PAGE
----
>Take home message: Improved access to healthcare must become a major goal with active outreach programs geared towards prevention and preemption strategies. Such programs have demonstrated: a reduced need for hospital care consultation; a reduced frequency of emergency department visits; decreased readmission after hospital discharge; and reduced complication rates when comorbid conditions are treated.

 The observed increased frequency of all forms of dementia, in recent decades, has many causes. The following items in bold are associated with increased dementia frequency; possible mitigating strategies are suggested.

  • Increased amyloid plaques in the brain is associated with Alzheimer’s disease. Cause unknown; specific treatment none.
  • Increased BMI. Caloric restriction favors longevity with 1800 Cals/day being the estimated optimum.
  • Increased stress. Stress reduction strategies: restorative sleep; exercise; meditation.
  • Diminished immunological function. Maintenance of immunological function with vaccinations for influenza, pneumonia, herpes zoster & tetanus/pertussis.
  • Reduced social interaction. High-intensity volunteering activity provides an opportunity to care for others.
  • General Principles:

               Right care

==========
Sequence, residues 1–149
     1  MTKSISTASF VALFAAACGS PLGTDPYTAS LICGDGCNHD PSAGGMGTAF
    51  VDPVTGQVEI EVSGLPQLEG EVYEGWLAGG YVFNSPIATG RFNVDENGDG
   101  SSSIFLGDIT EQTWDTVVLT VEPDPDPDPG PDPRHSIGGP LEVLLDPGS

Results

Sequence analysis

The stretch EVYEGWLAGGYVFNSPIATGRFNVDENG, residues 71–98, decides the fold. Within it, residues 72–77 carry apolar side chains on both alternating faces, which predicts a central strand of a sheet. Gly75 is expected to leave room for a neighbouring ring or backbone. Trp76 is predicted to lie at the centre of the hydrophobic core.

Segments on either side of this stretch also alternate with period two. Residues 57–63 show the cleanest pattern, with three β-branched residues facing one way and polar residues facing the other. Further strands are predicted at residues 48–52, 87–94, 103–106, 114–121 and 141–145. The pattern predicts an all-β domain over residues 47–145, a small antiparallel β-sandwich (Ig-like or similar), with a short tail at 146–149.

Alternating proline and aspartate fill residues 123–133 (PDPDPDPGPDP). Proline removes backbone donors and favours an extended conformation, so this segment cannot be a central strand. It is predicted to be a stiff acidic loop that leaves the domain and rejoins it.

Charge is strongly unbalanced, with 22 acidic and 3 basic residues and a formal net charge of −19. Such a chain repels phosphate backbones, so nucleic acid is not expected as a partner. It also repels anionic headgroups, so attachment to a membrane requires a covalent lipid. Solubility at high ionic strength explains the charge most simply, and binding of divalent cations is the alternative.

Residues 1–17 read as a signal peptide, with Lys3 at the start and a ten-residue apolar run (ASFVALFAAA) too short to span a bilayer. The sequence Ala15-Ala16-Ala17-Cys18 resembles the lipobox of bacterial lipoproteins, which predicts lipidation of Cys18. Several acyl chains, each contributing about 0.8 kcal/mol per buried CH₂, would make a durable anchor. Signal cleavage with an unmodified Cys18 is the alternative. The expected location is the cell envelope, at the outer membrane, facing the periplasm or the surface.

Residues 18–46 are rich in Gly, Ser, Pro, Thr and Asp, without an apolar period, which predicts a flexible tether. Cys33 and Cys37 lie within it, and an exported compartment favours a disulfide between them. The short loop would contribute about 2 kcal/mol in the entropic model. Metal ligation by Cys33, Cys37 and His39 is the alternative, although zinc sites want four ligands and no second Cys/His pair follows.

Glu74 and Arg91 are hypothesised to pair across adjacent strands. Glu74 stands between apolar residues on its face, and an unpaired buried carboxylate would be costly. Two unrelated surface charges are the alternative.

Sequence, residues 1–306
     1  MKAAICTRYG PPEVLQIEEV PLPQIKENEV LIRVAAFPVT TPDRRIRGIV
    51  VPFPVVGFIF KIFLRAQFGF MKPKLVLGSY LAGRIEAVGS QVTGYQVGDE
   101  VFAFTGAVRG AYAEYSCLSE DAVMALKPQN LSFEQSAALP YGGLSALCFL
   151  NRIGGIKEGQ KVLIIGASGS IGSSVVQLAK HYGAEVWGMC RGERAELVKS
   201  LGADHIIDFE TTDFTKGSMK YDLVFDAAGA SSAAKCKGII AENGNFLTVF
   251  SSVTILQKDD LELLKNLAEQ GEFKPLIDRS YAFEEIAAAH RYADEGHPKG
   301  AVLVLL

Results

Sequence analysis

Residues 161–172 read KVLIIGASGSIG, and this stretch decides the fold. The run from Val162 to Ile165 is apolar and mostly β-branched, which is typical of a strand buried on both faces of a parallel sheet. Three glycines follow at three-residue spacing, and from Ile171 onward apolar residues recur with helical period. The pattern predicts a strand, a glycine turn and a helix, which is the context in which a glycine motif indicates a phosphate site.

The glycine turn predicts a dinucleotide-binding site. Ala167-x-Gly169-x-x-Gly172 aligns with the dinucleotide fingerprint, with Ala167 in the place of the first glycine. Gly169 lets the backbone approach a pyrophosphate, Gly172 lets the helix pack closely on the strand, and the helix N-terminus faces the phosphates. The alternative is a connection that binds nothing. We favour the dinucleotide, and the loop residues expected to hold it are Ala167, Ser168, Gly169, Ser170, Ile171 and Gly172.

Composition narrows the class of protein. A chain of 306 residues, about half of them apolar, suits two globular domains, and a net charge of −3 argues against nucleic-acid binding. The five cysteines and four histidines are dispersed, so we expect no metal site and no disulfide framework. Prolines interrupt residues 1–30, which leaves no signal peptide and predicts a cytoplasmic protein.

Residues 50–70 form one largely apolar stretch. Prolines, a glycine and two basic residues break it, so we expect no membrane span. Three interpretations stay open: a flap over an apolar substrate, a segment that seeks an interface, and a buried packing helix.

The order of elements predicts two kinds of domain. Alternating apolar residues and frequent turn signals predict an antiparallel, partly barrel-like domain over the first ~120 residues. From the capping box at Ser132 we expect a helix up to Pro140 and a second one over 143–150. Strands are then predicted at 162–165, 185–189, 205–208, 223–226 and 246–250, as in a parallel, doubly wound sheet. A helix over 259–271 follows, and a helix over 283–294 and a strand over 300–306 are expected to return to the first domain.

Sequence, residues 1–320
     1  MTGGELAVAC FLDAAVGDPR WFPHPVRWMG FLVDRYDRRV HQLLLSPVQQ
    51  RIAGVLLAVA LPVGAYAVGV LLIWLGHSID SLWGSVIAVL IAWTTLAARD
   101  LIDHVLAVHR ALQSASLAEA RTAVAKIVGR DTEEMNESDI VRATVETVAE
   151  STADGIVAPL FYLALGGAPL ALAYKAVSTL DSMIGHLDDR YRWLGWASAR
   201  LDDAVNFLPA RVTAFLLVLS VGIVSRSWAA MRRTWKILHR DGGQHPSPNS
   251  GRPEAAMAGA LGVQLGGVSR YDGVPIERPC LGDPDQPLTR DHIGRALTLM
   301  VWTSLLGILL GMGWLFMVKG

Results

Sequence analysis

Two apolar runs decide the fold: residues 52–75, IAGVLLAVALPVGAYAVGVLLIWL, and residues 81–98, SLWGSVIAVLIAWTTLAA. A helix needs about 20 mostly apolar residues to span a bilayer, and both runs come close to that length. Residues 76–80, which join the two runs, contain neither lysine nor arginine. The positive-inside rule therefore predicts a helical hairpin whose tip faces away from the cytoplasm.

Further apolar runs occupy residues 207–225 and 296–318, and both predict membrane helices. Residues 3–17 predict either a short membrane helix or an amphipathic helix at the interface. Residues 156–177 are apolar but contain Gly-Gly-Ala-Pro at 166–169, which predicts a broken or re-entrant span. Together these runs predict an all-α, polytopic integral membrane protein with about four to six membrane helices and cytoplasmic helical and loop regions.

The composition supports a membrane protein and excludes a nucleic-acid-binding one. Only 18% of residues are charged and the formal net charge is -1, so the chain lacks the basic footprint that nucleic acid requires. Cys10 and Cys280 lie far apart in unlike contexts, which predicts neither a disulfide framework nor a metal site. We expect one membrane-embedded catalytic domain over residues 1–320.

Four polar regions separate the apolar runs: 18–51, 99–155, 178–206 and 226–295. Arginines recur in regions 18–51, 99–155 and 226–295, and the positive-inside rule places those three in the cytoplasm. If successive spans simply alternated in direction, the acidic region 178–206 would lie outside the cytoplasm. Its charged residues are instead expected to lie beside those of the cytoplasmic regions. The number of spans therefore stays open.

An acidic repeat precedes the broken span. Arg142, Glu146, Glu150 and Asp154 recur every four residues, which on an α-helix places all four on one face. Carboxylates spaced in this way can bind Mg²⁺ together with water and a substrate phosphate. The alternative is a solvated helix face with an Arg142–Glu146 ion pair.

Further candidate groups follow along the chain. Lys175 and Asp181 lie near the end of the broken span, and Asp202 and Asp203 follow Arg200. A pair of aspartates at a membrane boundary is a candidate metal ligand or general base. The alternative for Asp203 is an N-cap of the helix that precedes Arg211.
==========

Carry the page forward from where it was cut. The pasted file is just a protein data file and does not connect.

Right time

               Right place

               Lowest cost

               Highest quality

              One Electronic Health Record

  • These broad goals can be achieved by:

Coordinated system of healthcare, including patient advocates and navigators.

Patient portal for communication

24-hour physician access

Collection of data for measures of clinical quality

Integration with a team approach between primary and secondary care.

  • Components of the J.H. program:

Activities of daily living (ADL) support

Chronic disease management

Coordination with acute hospital services

Daycare program

Fall prevention

Medication management

Multi-morbidity management

Oral & dental care

Preventive health

Specific post-acute service follow-up

Vision and hearing support,

            Wellness program

 

  • Principles of care

Genes only determine 25% of our life span

Remaining 75% requires coordinated care in multiple settings

Major emphasis on clinical outreach

Advanced Directives documentation

 

  • Preventive care:

Dementia

Diet and nutrition

Fall prevention

Oral and dental care

Osteoarthritis and osteoporosis

Screening for cancer

Vaccinations

Vision and hearing support

  • Pre-emptive care:

Active medical issues prioritization

Coordination of specialist care

Effective communication

Medical access 24/7

Medication management

  • Palliative care:

All of the above, but geared to symptom management to maximize quality of life for the individual’s physical and psychosocial needs and wellbeing.

  • Passing (end of life) care. (These items added by LPF)

Role of food and water management

Pa in management and use of sedatives/anxiolytics

Hospice support for patients and family